FCC prepares $75 monthly broadband subsidies for “high-cost” areas

Illustration of US paper currency and binary data to represent Internet connectivity.

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The Federal Communications Commission is paving the way for $75 monthly subsidies to make broadband service more affordable for low-income households in certain “high-cost” areas.

The $75 subsidy will be part of the Affordable Connectivity Program (ACP) that generally offers $30 monthly discounts to people with low incomes. The ACP was created by Congress in late 2021 and implemented by the FCC to replace a previous pandemic-related subsidy program.

The ACP already provides $75 monthly subsidies for homes on tribal lands, but not in other areas. The US law that created the ACP lets the FCC make $75 subsidies available in areas where the costs of building broadband networks are higher than average.

That’s what the FCC did in its action announced yesterday. “The Infrastructure Act specified that the $75 monthly benefit would support providers that can demonstrate that the standard $30 monthly benefit would cause them to experience ‘particularized economic hardship’ such that they would be unable to maintain part or all of their broadband network in a high-cost area,” the FCC said.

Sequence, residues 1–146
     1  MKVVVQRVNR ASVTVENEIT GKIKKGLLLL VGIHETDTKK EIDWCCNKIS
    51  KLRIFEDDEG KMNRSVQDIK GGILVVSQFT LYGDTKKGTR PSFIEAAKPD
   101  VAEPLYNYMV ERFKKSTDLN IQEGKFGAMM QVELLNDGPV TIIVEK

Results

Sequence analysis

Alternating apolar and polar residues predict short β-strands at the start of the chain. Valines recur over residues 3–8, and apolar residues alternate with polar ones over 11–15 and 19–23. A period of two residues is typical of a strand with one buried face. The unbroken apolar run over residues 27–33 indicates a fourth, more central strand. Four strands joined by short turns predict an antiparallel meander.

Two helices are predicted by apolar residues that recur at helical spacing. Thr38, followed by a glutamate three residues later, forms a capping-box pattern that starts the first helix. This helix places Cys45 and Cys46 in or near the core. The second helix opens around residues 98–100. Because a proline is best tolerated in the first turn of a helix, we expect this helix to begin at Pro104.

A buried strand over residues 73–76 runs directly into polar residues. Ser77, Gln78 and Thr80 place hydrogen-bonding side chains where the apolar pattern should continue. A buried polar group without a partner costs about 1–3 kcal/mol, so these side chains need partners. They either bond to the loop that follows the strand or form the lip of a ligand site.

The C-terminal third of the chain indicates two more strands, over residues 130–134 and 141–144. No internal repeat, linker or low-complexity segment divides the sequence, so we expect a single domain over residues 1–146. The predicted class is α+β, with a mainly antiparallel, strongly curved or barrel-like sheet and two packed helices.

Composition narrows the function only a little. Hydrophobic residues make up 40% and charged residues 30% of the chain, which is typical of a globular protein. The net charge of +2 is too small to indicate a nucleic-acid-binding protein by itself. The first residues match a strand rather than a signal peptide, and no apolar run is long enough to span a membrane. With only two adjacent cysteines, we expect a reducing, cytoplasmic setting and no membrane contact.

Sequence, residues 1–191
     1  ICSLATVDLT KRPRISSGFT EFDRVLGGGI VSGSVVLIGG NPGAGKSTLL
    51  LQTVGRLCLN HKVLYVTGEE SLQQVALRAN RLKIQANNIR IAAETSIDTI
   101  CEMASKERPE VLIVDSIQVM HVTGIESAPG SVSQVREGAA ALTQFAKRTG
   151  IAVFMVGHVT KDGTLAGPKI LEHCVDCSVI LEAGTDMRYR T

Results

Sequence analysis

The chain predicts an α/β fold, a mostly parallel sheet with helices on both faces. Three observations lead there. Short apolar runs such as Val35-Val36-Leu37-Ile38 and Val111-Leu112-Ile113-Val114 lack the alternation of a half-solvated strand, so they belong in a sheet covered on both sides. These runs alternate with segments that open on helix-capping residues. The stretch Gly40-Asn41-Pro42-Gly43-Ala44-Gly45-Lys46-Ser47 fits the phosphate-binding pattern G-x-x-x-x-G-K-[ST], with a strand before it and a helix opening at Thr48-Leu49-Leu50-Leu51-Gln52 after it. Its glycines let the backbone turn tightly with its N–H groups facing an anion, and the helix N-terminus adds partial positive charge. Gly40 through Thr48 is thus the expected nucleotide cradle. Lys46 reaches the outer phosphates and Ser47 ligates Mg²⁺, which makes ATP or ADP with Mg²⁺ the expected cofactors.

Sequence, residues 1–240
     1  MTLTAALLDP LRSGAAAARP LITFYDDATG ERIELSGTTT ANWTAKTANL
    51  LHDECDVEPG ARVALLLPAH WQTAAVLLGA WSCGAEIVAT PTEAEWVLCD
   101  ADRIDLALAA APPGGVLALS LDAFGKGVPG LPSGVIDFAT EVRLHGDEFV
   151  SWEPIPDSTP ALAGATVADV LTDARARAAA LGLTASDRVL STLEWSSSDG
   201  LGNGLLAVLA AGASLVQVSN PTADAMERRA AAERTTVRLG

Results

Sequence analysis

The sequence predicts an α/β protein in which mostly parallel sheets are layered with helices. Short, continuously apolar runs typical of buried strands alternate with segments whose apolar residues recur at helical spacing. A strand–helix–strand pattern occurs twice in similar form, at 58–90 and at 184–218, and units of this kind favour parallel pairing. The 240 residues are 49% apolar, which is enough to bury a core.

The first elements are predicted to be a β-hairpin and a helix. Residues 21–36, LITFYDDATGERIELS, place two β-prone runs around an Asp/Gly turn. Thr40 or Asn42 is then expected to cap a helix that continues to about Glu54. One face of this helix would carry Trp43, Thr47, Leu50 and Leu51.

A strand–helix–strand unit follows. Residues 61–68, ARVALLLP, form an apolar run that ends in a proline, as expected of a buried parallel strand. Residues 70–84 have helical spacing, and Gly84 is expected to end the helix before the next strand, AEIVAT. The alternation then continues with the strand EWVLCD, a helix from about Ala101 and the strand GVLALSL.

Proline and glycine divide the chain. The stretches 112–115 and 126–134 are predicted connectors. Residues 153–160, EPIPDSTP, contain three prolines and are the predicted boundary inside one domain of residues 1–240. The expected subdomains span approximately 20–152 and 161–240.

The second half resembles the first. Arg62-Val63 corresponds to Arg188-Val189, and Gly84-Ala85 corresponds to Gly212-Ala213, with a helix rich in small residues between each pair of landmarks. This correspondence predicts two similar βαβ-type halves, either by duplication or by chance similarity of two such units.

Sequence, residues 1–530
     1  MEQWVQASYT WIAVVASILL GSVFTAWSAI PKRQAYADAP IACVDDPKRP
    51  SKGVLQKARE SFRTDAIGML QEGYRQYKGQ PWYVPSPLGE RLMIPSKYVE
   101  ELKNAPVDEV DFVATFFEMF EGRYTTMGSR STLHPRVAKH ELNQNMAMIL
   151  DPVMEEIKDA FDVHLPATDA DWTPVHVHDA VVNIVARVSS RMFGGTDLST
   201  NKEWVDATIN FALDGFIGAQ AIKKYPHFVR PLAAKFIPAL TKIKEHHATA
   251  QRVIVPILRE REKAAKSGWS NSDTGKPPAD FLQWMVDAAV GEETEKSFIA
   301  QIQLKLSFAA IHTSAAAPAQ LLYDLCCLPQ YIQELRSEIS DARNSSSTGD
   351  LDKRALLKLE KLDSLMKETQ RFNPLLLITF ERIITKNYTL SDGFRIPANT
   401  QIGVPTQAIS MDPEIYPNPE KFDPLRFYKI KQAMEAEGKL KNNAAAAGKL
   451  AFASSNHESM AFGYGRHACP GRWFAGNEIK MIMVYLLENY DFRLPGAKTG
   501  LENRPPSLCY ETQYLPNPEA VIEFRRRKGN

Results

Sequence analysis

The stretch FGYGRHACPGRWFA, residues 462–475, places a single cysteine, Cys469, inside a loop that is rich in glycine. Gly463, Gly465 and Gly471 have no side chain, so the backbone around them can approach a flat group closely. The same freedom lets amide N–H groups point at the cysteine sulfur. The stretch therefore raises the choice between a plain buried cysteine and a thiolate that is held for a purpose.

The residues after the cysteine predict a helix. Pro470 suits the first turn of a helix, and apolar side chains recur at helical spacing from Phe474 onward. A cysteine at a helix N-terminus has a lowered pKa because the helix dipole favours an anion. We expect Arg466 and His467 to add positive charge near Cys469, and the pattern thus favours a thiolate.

ACP subsidies are distributed to Internet service providers that enroll in the program and give customers discounts. Comcast, Charter Spectrum, AT&T, Verizon, and other ISPs last year agreed to make $30 plans with download speeds of at least 100Mbps available to eligible low-income households, essentially making the Internet service free when the $30 subsidy is applied.

19.8 million households so far

ISPs that accept ACP subsidies must let customers use them on any plan—a provision designed to prevent the kind of upselling that took place under the pandemic subsidy program. That doesn’t mean getting the subsidy is easy, as some people with low incomes have been wrongly rejected by ISPs such as Comcast.

FCC Chairwoman Jessica Rosenworcel said yesterday that over 19.8 million low-income households are getting ACP discounts, including 2.8 million households in rural counties. Rural low-income households are signing up at a higher rate than urban ones, she said.

The FCC is hoping that $75 subsidies will expand the program’s reach to more rural and/or low-income areas. The law defines high-cost areas as those “in which the cost of building out broadband service is higher, as compared with the average cost of building out broadband service in unserved areas in the United States.”